The Trading Technology 40: Back From the Edge

Concerns about system crashes are overshadowing the low-latency arms race that for years has preoccupied the leading innovators in trading technology.


On the last day of 2012, within an hour of the closing bell, New York Stock Exchange traders were alerted to a technical glitch in the market’s order-matching system. The problem affected just 26 stocks and was cleared up within four minutes — but that good news was tinged with the knowledge that far worse can happen, and did.

The 2013 Trading Technology 40
Rank Firm
1 Kevin Kometer
CME Group
2 Edwin Marcial
3 Raymond Tierney III
Bloomberg Tradebook
4 Brian Conroy
Fidelity Capital Markets
5 Jonathan Ross
6 Anna Ewing
Nasdaq OMX Group
7 Chip Carver
Markit Group
8 Gerald O’Connell
Chicago Board
Options Exchange
9 Richard Prager
10 Daniel Friel
International Securities
11 Peter Leukert
NYSE Euronext
12 Mark Beeston
13 Gregg Berman
14 Ben Sylvester
J.P. Morgan
Asset Management
15 Tony Weeresinghe
LSE Group
16 Michael Liberman
BlueMountain Capital Management
17 Chris Isaacson
BATS Global Markets
18 Dan Keegan
19 Jerry Dobner
GFI Group
20 Adam Broun
Credit Suisse
21 Mark Gorton
Tower Research Capital
22 Joshua Walsky
Broadway Technology
23 Billy Hult
Tradeweb Markets
24 Maureen O’Hara
25 Nicholas Themelis
MarketAxess Holdings
26 Howard Edelstein
BondDesk Group
27 Brenda Hoffman
TMX Group
28 Eran Fishler
Pragma Securities
29 Saro Jahani
Direct Edge
30 Oki Matsumoto
Monex Group
31 Philippe Buhannic
32 Bill Chow and
Richard Leung

Hong Kong
Exchanges & Clearing
33 John Bajus
Jefferies Group
34 Alfred Eskandar
35 Steven O’Hanlon
36 Luis Otavio Saliba Furtado
37 Steven Harrison
Imagine Software
38 Harpal Sandhu
Integral Development Corp.
39 Kevin Covington
40 Rob Flatley
CoreOne Technologies

For those who build and manage market and trading technologies, 2012 was punctuated by trouble. High-profile system malfunctions marred the BATS Global Markets and Facebook IPOs in March and May, respectively, and brought down market maker Knight Capital Group in August. These too were good news/bad news incidents, not as catastrophic as the still-reverberating “flash crash” of May 6, 2010, but reminders that such technological snafus happen too frequently for comfort.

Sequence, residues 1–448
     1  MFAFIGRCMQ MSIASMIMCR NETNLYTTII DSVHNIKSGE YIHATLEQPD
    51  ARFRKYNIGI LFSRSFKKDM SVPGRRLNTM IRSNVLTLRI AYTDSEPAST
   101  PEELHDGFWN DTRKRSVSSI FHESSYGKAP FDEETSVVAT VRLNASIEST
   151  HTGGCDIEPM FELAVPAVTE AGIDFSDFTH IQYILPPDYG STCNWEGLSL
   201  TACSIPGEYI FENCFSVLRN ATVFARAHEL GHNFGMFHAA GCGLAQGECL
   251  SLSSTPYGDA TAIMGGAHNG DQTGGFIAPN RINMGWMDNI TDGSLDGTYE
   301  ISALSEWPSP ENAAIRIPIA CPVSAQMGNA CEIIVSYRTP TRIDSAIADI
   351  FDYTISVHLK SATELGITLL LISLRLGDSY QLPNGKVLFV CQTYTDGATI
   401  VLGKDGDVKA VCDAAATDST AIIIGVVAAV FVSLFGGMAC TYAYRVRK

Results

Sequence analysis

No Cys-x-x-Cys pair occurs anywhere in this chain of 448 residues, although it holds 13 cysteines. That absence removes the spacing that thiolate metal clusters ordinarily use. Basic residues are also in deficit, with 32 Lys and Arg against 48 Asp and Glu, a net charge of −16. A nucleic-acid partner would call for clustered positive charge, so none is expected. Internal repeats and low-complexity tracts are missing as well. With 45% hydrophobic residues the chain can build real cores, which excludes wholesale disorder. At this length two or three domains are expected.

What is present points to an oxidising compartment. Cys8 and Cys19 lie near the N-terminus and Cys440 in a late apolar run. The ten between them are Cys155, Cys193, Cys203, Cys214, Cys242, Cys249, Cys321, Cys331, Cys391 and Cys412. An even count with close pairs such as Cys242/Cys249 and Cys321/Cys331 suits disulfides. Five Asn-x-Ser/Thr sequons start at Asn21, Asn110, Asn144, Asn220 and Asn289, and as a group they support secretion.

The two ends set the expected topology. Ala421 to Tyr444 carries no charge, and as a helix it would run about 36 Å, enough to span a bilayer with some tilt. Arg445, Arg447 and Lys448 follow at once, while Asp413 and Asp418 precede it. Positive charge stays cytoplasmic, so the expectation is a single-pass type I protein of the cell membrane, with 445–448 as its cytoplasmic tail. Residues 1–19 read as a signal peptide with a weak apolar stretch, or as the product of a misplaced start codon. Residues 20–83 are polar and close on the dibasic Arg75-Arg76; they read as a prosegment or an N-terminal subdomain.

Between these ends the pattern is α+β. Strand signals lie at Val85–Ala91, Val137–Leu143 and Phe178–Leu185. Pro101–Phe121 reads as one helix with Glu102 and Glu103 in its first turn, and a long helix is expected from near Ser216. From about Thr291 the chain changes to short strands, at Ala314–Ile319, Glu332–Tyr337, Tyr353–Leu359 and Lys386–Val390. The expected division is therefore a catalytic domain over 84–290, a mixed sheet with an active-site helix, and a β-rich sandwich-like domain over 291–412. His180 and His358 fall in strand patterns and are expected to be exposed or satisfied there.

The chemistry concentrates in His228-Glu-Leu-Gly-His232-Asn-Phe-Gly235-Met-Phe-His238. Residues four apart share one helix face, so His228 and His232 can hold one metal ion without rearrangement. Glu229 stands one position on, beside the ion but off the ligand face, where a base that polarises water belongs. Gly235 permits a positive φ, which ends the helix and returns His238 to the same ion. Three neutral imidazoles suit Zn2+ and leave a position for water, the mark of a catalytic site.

All of this casts a pall over the industry and profession represented by the Trading Technology 40, Institutional Investor’s second annual global ranking of the most prominent innovators and managers in the field. Their comments reflect soul-searching about the incessant pursuit of lightning-fast transactional capability. “Do we really need to be trading in nanoseconds?” asks Brenda Hoffman (No. 27), head technologist of Toronto’s TMX Group. Dan Keegan (No. 18), global head of cash equities at Citi, considers speed a commodity and says factors like client service and global footprint will define the winners.

Still, the trading technology leaders — selected by II staff based on their accomplishments and contributions at both the company and industry levels — are hardly retrenching or lacking for successes. For example, CME Group (Kevin Kometer, No. 1) and Chicago Board Options Exchange (Gerald O’Connell, No. 8) pulled off major system conversions without a hitch. IntercontinentalExchange’s information technology track record (Edwin Marcial, No. 2) helped underpin its takeover bid for NYSE Euronext (Peter Leukert, No. 11).

Last year’s rankings, shown in parentheses, are from the initial Trading Tech 30. Newcomers are denoted “PNR” (previously not ranked).

The ranking was compiled under the direction of Senior Contributing Editor Jeffrey Kutler. Individual profiles were written by Kutler; Editor Michael Peltz; Asia Bureau Chief Allen T. Cheng; Senior Writers Frances Denmark, Imogen Rose-Smith and Julie Segal; Staff Writer Neil Sen; and Associate Web Editor Ben Baris.